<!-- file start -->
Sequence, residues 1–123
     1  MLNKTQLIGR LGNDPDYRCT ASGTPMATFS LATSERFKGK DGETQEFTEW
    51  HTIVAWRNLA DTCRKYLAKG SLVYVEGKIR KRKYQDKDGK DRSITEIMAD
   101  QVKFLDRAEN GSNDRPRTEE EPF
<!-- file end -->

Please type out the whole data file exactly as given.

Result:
Sequence, residues 1–123
     1  MLNKTQLIGR LGNDPDYRCT ASGTPMATFS LATSERFKGK DGETQEFTEW
    51  HTIVAWRNLA DTCRKYLAKG SLVYVEGKIR KRKYQDKDGK DRSITEIMAD
   101  QVKFLDRAEN GSNDRPRTEE EPF